VITAMIN C – WHAT TYPE OF VITAMIN IS IT?

Vitamin C is usually associated with our immune system, which is absolutely correct, however, this vitamin is involved in over 300 biological processes in the body.

WHAT TYPE OF VITAMIN IS IT?

Vitamin C or Ascorbic Acid is water-soluble and therefore, like the B vitamins we have already covered, it cannot be stored in the body. It therefore needs to be taken in through our food on a daily basis. It is, in fact, the body?s most powerful water-soluble antioxidant and plays a vital role in protecting the body against oxidative damage from free radicals.

It works by neutralising potentially harmful reactions in the water-based parts of our body, such as the blood and within the fluids surrounding every cell. It helps prevent harmful cholesterol (LDL) from free radical damage, which can lead to plaque forming on the inside of arteries, blocking them. The antioxidant action protects the health or the heart, the brain and many other bodily tissues.

HOW DOES IT WORK WITH OUR IMMUNE SYSTEMS?

Eating foods rich in Vitamin C boosts our immune system. It works by increasing the production of our white blood cells that make up our defence system, in particular B and T cells. It also increases levels of interferon and antibody responses improving antibacterial and anti viral effects. The overall effect is improved resistance to infection and it may also reduce the duration of the symptoms of colds for example. It may do this by reducing the blood levels of histamine, which has triggered the tissue inflammation and caused a runny nose. It has not been proven scientifically but certainly taking in vitamin C in the form of fruit and vegetable juices is not going to be harmful. Another affect may be protective as it prevents oxidative damage to the cells and tissues that occur when cells are fighting off infection.VITAMIN-C-1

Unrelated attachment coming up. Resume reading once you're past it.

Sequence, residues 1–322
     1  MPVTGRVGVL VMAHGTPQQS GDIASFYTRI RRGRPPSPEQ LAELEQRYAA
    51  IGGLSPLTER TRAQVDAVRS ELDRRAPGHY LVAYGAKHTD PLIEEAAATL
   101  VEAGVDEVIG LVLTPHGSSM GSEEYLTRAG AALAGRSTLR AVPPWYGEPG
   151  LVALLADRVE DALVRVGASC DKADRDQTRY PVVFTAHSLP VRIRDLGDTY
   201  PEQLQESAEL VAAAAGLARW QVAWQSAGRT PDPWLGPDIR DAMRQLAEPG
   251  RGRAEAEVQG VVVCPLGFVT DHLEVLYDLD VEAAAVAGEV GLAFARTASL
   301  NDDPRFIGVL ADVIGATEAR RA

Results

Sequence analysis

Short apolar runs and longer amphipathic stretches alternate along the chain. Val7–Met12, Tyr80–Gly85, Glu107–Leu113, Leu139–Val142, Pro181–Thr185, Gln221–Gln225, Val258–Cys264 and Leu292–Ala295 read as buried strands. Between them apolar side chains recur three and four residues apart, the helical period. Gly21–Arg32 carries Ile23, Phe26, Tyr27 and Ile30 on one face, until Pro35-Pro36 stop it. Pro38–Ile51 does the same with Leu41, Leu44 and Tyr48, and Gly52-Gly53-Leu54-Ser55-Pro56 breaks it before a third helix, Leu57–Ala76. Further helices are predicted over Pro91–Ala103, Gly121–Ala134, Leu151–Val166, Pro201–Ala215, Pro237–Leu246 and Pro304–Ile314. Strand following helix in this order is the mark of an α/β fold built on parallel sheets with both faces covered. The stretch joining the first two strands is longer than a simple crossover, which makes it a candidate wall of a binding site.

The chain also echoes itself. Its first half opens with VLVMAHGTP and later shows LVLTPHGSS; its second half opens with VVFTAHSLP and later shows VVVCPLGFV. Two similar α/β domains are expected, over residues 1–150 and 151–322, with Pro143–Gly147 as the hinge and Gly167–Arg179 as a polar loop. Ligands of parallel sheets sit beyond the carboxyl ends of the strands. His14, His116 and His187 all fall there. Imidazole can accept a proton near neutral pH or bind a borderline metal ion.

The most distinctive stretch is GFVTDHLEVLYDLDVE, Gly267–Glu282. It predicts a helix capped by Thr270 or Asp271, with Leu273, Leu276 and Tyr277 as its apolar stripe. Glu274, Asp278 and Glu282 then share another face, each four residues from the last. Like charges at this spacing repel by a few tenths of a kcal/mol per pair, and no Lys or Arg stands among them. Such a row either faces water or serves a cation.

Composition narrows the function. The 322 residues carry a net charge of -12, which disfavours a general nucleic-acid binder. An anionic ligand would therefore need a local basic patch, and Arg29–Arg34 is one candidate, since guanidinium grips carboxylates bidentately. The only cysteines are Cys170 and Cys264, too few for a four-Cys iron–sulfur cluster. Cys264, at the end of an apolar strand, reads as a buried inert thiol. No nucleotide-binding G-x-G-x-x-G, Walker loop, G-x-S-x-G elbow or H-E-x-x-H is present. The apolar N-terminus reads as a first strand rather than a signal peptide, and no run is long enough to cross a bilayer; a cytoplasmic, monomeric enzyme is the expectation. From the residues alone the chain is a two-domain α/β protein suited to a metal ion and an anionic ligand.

WHAT ARE SOME OF THE OTHER PROCESSES THAT VITAMIN C IS INVOLVED IN?

We obviously can?t cover them all but here are some highlights of this very important Vitamin:

It plays a part, along with the B vitamins we have already covered, in the conversion of tryptophan to serotonin, a neurotransmitter in the brain that helps determine our emotional well being.

Collagen is the protein that forms the basis of our connective tissue that is the most abundant tissue in the body. It glues cells together, supports and protects our organs, blood vessels, joints and muscles and also forms a major part of our skin, tendons, ligaments, corneas of the eye, cartilage, teeth and bone. Collagen also promotes healing of wounds, fractures and bruises. It is the degeneration of our collagen that leads to external signs of ageing such as wrinkles and sagging skin. There is a similar affect internally that can lead to degenerative diseases such as arthritis. Vitamin C is vital for the manufacture of collagen and is why taking in healthy amounts in your diet can combat the signs of ageing.

Our hormones require Vitamin C for the synthesis of hormones by the adrenal glands. These glands are situated above each kidney and are responsible for excreting the steroid hormones. The most important of these are aldosterone and cortisol. Cortisol regulates carbohydrate, protein and fat metabolism. Aldosterone regulates water and salt balance in the body and the other steroid hormones, of which there are 30, help counteract allergies, inflammation and other metabolic processes that are absolutely essential to life.

TAKING VITAMIN C IS ALSO GOOD FOR OUR HEART ISN?T IT?